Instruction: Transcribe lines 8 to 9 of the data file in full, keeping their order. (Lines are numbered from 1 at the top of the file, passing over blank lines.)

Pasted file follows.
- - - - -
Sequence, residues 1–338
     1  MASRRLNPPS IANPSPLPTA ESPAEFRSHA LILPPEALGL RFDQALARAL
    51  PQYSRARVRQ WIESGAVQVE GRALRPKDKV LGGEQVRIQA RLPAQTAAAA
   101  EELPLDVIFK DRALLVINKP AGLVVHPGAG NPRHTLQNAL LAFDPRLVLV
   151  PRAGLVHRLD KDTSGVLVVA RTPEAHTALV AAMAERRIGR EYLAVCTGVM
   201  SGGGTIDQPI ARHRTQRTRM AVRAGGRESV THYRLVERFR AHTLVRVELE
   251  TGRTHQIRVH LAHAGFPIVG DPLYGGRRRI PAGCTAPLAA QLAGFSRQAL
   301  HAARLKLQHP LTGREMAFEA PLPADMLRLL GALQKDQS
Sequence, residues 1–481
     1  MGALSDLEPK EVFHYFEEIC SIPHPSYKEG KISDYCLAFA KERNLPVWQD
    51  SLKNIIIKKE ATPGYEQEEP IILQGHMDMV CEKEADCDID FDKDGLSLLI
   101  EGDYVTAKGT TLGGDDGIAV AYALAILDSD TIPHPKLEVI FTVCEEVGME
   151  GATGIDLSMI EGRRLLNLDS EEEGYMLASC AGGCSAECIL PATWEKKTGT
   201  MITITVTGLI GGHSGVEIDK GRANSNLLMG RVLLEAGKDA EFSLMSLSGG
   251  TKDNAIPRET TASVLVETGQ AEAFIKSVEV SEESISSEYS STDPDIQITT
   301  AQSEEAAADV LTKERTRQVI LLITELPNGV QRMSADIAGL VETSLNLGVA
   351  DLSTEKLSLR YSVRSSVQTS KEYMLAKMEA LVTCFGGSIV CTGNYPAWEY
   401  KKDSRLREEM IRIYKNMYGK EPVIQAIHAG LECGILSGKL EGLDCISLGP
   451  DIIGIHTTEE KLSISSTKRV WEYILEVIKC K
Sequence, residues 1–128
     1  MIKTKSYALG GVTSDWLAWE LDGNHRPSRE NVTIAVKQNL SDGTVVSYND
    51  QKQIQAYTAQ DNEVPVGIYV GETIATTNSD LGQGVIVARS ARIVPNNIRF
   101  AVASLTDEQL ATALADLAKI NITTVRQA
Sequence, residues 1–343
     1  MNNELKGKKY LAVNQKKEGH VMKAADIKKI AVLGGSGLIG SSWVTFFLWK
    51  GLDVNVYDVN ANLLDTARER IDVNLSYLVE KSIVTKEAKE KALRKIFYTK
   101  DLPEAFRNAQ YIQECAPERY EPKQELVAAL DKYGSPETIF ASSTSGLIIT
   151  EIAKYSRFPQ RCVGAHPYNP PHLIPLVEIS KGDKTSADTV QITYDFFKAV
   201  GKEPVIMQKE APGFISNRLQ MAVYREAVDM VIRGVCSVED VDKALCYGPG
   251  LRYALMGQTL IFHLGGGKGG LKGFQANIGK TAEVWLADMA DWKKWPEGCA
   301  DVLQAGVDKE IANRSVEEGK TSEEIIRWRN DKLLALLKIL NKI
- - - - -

   301  HAARLKLQHP LTGREMAFEA PLPADMLRLL GALQKDQS
Sequence, residues 1–481